I Don’t Identify with the Word Disabled
I’m going to say something many people won’t like: I struggle with the word “disability.”
In the eyes of society, I am technically “disabled,” but that doesn’t stop me from struggling with the term. If it isn’t illness keeping me in and out of the hospital (consistency is not my middle name), it’s profound hearing loss that makes desk jobs with telephones or dim bars with hazy lighting an impossibility.
For many, disability is a beautiful word connected to a community that needs support, funding, and favor. For me, it feels like a word once removed. I’ve always felt like I don’t deserve it. Even when I can’t maintain a job because my organs are being removed. Even when I’m on supplemental oxygen and enteral nutrition. Even when someone asks me if Deaf people can drive. (Spoiler alert: they can.)
Maybe it’s because I like to keep my struggles as quiet as I can (outside of, you know, telegraphing it internationally through Instagram). My family has a long history of quiet suffering, especially among women. My grandmother had multiple forms of cancer in her later years and refused a wheelchair until the very end. Similarly, I refuse wheelchairs more often than not, even when I’ve had major intestinal surgeries.
Those little acts of defiance feel like necessary anarchy when it comes to something that is so far out of my control. It feels like rebellion. Punk rock. But there is just as much dignity in accepting help and exemplifying disability with grace as there is in shunning it.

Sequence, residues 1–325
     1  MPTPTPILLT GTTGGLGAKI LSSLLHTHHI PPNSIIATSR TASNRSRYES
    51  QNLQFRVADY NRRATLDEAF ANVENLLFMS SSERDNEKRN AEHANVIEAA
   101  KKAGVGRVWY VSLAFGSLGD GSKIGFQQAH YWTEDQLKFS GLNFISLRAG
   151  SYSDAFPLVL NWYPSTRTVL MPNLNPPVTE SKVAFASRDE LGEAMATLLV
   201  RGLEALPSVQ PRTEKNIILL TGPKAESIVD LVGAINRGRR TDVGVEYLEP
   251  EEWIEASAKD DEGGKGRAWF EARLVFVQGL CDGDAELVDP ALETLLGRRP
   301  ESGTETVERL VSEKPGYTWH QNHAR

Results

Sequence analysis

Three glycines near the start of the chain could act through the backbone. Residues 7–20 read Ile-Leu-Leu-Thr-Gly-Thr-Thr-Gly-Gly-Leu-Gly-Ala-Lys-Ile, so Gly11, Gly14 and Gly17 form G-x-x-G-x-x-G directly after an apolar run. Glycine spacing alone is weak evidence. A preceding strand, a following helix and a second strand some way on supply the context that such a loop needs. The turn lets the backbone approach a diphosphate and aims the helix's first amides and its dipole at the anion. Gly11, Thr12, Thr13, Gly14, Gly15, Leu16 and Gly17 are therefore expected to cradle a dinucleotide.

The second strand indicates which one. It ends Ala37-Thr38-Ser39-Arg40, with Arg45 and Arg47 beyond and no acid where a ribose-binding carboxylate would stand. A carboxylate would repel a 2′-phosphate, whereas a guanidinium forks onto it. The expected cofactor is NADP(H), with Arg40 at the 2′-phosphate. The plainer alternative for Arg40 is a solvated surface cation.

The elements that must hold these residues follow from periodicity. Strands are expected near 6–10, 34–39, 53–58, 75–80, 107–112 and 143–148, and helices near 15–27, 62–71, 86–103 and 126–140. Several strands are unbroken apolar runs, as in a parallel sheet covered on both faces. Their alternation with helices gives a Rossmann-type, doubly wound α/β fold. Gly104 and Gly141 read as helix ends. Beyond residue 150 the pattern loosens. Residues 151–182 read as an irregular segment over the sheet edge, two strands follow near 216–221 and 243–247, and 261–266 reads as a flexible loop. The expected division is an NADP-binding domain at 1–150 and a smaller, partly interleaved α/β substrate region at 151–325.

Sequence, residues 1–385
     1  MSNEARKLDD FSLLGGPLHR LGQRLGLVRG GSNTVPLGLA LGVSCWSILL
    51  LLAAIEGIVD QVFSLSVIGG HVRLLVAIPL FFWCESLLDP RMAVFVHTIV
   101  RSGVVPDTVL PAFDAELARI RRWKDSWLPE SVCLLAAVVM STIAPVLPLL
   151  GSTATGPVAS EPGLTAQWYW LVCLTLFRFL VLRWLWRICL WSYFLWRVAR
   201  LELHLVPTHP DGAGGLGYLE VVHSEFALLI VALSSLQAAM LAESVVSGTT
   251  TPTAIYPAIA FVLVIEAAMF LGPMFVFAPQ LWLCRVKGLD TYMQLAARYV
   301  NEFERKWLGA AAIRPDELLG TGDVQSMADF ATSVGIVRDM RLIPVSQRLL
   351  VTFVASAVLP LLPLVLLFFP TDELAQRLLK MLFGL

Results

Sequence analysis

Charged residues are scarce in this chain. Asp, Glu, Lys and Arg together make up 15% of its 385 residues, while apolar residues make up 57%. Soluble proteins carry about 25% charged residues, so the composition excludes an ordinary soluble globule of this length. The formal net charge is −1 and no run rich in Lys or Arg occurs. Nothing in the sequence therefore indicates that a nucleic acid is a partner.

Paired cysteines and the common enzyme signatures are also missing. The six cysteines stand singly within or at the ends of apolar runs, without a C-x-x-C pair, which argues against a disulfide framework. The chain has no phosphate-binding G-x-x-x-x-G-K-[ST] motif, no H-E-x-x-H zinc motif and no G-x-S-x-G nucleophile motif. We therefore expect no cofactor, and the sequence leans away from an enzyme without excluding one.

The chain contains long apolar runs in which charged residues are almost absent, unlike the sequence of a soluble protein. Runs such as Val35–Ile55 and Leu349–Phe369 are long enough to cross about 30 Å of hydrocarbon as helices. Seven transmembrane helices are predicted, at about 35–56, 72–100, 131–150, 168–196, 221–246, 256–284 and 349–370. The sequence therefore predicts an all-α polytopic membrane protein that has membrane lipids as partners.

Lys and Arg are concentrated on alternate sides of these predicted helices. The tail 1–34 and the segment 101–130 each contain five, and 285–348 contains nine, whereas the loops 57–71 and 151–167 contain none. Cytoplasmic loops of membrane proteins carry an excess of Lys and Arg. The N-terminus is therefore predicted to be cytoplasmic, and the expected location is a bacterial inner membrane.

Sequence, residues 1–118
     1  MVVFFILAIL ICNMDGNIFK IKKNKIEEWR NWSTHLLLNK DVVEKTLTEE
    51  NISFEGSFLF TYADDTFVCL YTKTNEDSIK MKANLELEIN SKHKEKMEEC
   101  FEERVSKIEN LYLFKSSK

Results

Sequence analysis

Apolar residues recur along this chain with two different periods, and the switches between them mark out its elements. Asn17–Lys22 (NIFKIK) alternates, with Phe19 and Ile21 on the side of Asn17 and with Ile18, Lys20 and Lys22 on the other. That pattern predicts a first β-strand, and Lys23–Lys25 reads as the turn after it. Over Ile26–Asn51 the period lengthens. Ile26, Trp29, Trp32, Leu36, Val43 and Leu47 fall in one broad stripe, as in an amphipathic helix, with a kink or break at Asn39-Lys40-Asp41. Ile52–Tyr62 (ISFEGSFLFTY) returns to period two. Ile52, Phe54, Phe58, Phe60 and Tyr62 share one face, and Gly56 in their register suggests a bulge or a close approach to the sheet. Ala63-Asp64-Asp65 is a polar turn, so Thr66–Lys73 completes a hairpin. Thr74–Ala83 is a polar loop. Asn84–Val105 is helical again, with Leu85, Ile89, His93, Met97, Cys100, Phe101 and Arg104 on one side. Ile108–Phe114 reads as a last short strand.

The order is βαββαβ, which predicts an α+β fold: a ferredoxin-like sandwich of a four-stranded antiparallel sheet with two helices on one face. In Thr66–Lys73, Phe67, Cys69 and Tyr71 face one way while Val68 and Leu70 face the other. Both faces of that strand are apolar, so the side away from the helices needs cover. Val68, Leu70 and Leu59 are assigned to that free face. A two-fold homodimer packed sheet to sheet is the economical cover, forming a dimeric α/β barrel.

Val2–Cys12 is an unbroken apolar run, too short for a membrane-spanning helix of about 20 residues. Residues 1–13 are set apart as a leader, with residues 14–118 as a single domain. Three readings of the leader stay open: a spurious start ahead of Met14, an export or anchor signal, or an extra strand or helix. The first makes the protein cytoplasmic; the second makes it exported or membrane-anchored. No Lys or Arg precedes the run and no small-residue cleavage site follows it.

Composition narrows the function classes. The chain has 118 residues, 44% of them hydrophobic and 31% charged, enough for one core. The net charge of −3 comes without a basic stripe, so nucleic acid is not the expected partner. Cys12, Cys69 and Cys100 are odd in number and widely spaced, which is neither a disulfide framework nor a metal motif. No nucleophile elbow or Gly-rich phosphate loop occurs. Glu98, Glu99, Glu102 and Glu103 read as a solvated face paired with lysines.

I still can’t shake the feeling that no matter how bad I’ve had it in the past, someone always has it worse. Someone who has never had the chance to refuse a wheelchair. Someone who has never been able to “damn the man, save the empire” in the face of illness.
Not everyone will like my way of handling sickness, and that’s OK. This is not a casus belli column: I know my way is often wrong, and I wish I could exemplify the daring that goes into disability. But I don’t. That’s the honest truth.
I hate being in pain in front of other people. If I could curl up in a closet like an old dog or be cast out to sea on a chunk of ice (if the globe hasn’t warmed it to water by then), I would. Maybe it’s my lineage. Maybe it’s the fact that Deaf culture doesn’t consider itself “impaired.” Maybe it’s because I feel like defining my body without defining my body is the only thing that keeps me going. Maybe it’s because I hate being an advocate for what I can’t do and not for what I can.
Recently, my daughter hurt her toe during a theater performance. I asked her to walk with me to the dressing room so I could find a Band-Aid.
“I don’t want to, Momma,” she said sheepishly. “I don’t want everyone to see me.”
We’re uncomfortable getting attention for something we don’t feel we’ve “earned.” My daughter didn’t want fuss or fancy over her foot, just like I don’t want “woe is me” over the wanes of a woeful body.
Actor Shia LaBeouf recently described the process of writing about pain: “It’s strange to fetishize your pain and make a product of it. And you feel guilty about that. It felt very selfish.”
My columns, advocacy work, and art (dance) are incredibly selfish because they’re incredibly insular. They make my pain a product, and that will never stop feeling weird to me.
Sheepish or selfish as it can sometimes seem, however, the need for an outlet never ends. No matter what we share, pain is still pain. And disability, whether embraced readily or reserved for those who “need it more,” is a word that represents neither pain nor product.
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